TMK's most recent announcement of his planned abstention from the concert platform during the December season in future, too, has drawn varied responses. Some diehard rasikas are protesting against it, pleading with him, even demanding that he must not deny them the pleasure of listening to him.

Others have expressed outrage at his allegations of casteism, commodification and corruption in the whole season scenario. Yet others have made jokes about it, indirectly questioning the motives behind his decision, accusing him of publicity-seeking gimmickry.

It was only the other day that this column had made tongue-in-cheek remarks about the tendency of our artists to linger as performers long after they have gone over the hill.

In sharp contrast, TM Krishna has chosen to retire too early, it seems, at least from December season concerts. What will be his next move? Will he shift his free concerts to other times of the year? More important still, will he, in addition to his splendid efforts to nurture Carnatic music, launch his own initiatives to attack the ills he has been criticising in his book and other writings? 

All we can say with certainty is that there will never be a dull moment with TM Krishna around.


Sriganesh said...

Very well written. I guess he will go about his new creation of taking music to the masses.
It is very laudable to get the masses who think music is only that is belted out in the movies to the gyrating movements of the hero and heroine and their ensemble.

Couple of points from TMK's earlier noting:
- Brahmins and carnatic music.. Nadhaswarm and Tavil has never been the forte of the Brahmins. I have tried blowing one and I could not manage to get any sound out of the instrument. May be TMK should try blowing one!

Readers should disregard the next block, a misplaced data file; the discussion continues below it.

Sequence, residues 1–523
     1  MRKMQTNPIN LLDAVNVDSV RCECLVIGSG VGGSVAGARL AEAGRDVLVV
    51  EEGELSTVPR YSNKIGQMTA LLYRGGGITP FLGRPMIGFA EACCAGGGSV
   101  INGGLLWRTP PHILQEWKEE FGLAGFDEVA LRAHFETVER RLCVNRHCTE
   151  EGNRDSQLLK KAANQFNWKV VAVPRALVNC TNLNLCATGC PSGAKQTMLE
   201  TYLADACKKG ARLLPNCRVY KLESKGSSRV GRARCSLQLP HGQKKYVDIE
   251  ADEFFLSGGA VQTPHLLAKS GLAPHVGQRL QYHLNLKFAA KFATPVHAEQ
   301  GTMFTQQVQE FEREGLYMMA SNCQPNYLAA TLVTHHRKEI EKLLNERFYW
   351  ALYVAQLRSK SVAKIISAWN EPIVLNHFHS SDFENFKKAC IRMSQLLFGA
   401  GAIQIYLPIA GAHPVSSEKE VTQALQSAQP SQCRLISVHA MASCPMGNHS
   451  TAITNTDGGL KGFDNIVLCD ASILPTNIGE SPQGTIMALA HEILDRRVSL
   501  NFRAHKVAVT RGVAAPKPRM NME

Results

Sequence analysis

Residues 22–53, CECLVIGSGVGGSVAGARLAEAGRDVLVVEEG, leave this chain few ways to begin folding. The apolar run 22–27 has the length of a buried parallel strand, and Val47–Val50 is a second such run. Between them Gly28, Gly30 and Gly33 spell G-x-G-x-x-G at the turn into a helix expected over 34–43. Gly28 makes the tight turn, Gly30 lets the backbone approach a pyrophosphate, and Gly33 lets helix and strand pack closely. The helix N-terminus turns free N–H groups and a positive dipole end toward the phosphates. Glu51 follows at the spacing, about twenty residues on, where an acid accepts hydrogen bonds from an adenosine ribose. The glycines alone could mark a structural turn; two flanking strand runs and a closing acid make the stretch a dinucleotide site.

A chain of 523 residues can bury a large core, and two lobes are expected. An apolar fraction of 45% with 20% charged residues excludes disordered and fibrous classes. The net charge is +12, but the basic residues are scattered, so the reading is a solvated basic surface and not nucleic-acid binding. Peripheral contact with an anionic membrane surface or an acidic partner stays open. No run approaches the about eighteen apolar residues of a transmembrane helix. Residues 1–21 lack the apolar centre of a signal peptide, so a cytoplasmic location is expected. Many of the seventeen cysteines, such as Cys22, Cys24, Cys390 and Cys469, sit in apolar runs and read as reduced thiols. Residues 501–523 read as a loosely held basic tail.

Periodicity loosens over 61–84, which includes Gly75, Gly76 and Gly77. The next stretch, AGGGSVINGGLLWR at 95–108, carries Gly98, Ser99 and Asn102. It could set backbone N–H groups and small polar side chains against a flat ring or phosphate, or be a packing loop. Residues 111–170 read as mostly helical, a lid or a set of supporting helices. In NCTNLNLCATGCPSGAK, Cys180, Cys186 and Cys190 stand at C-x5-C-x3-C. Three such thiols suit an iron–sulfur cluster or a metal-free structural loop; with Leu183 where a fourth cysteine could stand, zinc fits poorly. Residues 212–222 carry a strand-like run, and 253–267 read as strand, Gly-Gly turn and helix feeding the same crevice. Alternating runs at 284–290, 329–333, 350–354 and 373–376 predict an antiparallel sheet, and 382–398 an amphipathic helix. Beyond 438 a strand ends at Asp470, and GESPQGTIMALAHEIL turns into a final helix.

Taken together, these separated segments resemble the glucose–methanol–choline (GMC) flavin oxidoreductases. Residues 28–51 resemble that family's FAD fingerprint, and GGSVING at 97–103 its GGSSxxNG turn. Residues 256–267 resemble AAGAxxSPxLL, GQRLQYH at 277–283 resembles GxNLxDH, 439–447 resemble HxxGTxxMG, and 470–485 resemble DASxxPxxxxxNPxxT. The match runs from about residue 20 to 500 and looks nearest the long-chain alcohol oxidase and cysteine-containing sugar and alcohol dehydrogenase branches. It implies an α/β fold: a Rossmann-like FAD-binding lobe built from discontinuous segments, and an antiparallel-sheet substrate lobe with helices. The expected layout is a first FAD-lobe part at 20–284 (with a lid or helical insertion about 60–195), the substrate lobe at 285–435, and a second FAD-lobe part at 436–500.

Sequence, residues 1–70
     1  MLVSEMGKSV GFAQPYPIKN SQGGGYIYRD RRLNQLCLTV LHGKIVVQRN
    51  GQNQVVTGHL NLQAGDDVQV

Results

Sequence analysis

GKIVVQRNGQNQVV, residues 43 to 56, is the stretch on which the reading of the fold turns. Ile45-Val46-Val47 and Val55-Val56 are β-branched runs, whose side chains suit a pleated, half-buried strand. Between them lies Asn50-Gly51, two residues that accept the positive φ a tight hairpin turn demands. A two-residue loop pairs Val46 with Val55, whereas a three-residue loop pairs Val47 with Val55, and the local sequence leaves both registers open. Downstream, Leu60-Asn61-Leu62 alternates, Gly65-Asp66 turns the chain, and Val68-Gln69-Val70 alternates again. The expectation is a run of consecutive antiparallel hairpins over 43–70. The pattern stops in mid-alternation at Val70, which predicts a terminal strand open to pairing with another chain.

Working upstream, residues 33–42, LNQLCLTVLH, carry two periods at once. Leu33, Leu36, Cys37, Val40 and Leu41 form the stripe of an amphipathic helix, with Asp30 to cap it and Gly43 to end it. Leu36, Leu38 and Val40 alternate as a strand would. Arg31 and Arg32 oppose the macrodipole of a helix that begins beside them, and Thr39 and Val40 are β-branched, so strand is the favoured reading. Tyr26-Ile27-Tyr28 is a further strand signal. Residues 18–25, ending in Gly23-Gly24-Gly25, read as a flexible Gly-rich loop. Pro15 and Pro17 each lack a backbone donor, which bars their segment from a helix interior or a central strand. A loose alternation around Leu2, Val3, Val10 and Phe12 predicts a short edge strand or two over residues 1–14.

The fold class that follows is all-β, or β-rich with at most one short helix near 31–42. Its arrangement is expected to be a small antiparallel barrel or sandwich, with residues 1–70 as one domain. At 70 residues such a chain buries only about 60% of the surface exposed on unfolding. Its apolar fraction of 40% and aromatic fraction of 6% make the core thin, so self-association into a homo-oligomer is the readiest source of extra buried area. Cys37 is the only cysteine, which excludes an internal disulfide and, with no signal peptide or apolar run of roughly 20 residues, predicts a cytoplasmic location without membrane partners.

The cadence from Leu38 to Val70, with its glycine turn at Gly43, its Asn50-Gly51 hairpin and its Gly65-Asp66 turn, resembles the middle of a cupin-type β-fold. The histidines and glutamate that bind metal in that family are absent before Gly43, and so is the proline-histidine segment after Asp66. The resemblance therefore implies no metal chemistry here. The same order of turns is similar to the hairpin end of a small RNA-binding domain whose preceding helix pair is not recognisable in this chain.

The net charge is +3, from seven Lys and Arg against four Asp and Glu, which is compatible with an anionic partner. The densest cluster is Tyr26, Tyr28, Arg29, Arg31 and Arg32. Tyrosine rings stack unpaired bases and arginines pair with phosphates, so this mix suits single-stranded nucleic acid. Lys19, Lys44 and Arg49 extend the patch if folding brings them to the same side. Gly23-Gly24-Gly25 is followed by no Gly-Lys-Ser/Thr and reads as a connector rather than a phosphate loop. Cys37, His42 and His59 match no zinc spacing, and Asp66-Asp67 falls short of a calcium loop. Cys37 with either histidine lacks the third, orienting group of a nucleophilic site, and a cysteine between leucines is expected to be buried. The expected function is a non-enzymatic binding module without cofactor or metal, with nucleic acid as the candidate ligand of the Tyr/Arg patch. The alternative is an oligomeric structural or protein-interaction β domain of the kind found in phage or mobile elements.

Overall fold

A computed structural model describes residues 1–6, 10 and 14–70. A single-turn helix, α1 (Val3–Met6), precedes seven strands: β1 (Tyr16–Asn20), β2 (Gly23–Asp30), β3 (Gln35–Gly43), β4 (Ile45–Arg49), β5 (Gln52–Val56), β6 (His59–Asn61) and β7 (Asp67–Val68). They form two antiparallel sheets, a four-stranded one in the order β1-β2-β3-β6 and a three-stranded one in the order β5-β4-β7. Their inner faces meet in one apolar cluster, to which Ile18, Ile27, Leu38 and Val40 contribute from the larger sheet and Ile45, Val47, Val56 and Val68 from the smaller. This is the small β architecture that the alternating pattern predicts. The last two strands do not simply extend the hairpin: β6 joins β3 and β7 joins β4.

- Single Malt - He knows what to drink when to drink and how to drink.

Unfortunately he does not know what to speak, when to speak and how to speak. I got a feeling that he got wind of Sanjay being conferred the title and hence withdrew from the season. Unfortunate indeed.

KNV said...

To me TMK is a wasted voice in CM. I still remember his singing of Harikambhoji Ragam followed by the "Vandadum Solay" a Kalki composition in a Programme at Kalashetra several years back. I told my wife this guy has a rich manly gamaka voice like Ariyakudi Ramanuja Iyengar. If he gets trained under a Guru from Ariyakudi School (he should have approached KVN or Rajam Iyer) he will rule CM for years to come. But all that has gone with the wind now. Alternatively he should have opted to sing Hindustani Music where he could have focused on Raga Alapana without calling names of Rama;Krishna; Govinda; Kamkshi etc which are allergical to him. TMK should know taste for Classical Music is an acquired one. If Brahmins are thronging Carnatic Music it is because a large no of them develop the taste for it from their childhood. I fully agree with his views on payment for accompaniments. I don't see any other kind of discrimination in Carnatic Music.